Rotator Cuff Injury And Ways To Prevent It
- By: Steve Kaiser
You are a star pitcher, a painter by trade, or you fall by accident, the result may be the same; a rotator cuff injury. Unfortunately, these injuries are not uncommon. However, you can reduce your risk of a rotator cuff injury by learning more about them, their symptoms, treatment options and prevention methods.
Your rotator cuff comprises of the tendons and muscles in your shoulder. These muscles connect the upper arm to the shoulder blade and allow for movement and stability. Trauma to any of the muscles and tendons is likely to result in a rotator cuff injury. Injuries can range from acute tendinitis to a major tear.
Rotator cuff injuries are a common cause of shoulder pain for people of all ages. However, the likelihood of an injury does increase with age due to the natural weakening of the surrounding muscles. Injuries may also be the result of tendinitis, repetitive motions, or a direct blow to your shoulder. It is therefore not uncommon to find athletes and laborers to have such injuries.
Pain, a decrease in strength, and limited movement are all warning signs that your rotator cuff may be injured. With a direct strike to your rotator cuff, you will be in an immense amount of pain. For people whose injuries develop over time, their pain will be to a lesser degree. However, if left untreated, the pain may significantly become more prominent and limiting.
A substantial number of injuries to the rotator cuff can be treated non-surgically. With relaxation, limited movement, medications, and exercise, rotator cuff injuries may be managed. Use your arm as little as possible. You can take ibuprofen or naproxen to minimize the pain and any swelling. If the pain is uncompromising, a steroid shot may be the answer.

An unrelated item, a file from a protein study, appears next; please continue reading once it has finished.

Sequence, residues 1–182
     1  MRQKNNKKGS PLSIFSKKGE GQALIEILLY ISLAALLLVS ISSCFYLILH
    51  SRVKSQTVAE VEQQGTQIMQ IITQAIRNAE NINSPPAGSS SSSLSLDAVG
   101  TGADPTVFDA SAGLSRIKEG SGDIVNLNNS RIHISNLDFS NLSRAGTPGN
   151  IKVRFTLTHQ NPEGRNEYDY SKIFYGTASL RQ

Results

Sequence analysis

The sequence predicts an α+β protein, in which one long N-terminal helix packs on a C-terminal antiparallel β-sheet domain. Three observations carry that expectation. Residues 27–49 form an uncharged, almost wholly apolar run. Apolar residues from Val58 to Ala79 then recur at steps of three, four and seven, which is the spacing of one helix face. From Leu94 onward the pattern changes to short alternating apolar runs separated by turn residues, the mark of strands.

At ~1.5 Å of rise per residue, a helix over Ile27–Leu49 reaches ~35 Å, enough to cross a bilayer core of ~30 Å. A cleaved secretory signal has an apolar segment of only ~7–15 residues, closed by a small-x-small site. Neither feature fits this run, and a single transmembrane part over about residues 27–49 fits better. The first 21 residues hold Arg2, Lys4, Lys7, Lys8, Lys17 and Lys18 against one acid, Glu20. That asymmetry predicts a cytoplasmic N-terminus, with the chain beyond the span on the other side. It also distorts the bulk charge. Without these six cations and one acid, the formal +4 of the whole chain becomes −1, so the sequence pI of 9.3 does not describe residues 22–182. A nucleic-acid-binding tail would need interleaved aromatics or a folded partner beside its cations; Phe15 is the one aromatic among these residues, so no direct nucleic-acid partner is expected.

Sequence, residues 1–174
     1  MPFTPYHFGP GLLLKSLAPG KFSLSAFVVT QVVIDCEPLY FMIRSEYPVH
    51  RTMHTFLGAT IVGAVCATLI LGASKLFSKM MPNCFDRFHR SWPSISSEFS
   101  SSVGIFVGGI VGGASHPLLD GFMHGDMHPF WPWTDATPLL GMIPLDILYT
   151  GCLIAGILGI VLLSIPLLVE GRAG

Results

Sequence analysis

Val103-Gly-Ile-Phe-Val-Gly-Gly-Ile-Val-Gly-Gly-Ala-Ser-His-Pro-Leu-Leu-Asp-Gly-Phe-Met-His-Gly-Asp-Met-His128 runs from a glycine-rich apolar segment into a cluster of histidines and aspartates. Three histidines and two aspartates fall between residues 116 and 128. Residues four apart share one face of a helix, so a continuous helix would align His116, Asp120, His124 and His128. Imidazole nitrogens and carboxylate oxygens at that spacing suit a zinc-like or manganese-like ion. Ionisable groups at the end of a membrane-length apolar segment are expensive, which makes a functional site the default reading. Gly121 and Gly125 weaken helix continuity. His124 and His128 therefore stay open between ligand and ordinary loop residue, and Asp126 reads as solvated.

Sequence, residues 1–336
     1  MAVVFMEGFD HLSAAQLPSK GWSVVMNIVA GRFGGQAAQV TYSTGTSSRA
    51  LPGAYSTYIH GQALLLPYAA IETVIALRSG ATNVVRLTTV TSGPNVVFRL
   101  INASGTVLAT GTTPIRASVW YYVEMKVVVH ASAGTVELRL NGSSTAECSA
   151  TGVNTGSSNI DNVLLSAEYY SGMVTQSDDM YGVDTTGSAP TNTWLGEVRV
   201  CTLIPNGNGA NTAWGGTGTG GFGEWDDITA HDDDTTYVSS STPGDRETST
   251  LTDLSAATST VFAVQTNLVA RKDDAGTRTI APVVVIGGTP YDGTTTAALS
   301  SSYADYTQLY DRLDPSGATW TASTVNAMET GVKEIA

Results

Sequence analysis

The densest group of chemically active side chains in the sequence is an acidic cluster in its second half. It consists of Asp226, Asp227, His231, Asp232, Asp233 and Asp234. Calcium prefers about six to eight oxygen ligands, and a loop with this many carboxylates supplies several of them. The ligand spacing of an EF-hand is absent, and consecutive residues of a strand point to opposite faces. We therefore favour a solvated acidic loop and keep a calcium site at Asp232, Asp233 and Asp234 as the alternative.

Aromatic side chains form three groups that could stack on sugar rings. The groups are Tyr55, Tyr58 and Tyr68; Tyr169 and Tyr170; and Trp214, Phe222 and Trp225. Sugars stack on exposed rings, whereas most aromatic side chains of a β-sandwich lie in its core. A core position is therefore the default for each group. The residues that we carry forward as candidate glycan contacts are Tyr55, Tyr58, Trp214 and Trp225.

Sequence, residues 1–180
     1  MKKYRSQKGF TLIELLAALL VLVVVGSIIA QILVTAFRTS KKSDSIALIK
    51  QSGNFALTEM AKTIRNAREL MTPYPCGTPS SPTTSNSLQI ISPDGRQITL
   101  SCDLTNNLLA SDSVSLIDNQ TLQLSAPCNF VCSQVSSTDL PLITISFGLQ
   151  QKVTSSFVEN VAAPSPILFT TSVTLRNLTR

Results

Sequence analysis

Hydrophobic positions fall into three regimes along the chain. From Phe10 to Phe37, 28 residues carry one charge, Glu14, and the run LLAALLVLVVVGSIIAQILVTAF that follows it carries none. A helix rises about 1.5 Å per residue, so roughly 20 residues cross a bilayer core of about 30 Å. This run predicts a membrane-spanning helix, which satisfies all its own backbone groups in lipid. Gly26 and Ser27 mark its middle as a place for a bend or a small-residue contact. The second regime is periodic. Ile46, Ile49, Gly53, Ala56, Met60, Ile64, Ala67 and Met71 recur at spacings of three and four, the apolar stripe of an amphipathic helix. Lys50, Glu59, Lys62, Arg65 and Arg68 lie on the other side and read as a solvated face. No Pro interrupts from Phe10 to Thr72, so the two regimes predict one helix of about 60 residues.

In addition, to treat and prevent rotator cuff injuries, exercise is essential. Under the guidance of a doctor, you can perform exercises at home and at no cost. There are exercises to help heal an injury. However, there are also many others which can make your shoulder and arm stronger to minimize any additional injuries.
You can minimize the possibility of having a rotator cuff injury. Simply by knowing this basic information will help. And, of course, make sure exercise is included. You are a priority.
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Steve Kaiser has used rotator cuff exercises to successfully heal his own rotator cuff injury(http://tinyurl.com/87qra2m). He is now using his extensive knowledge to help others. Join him to discover how you too could successfully treat your own rotator cuff injuries(http://tinyurl.com/7xunjl2) with simple rotator cuff exercises.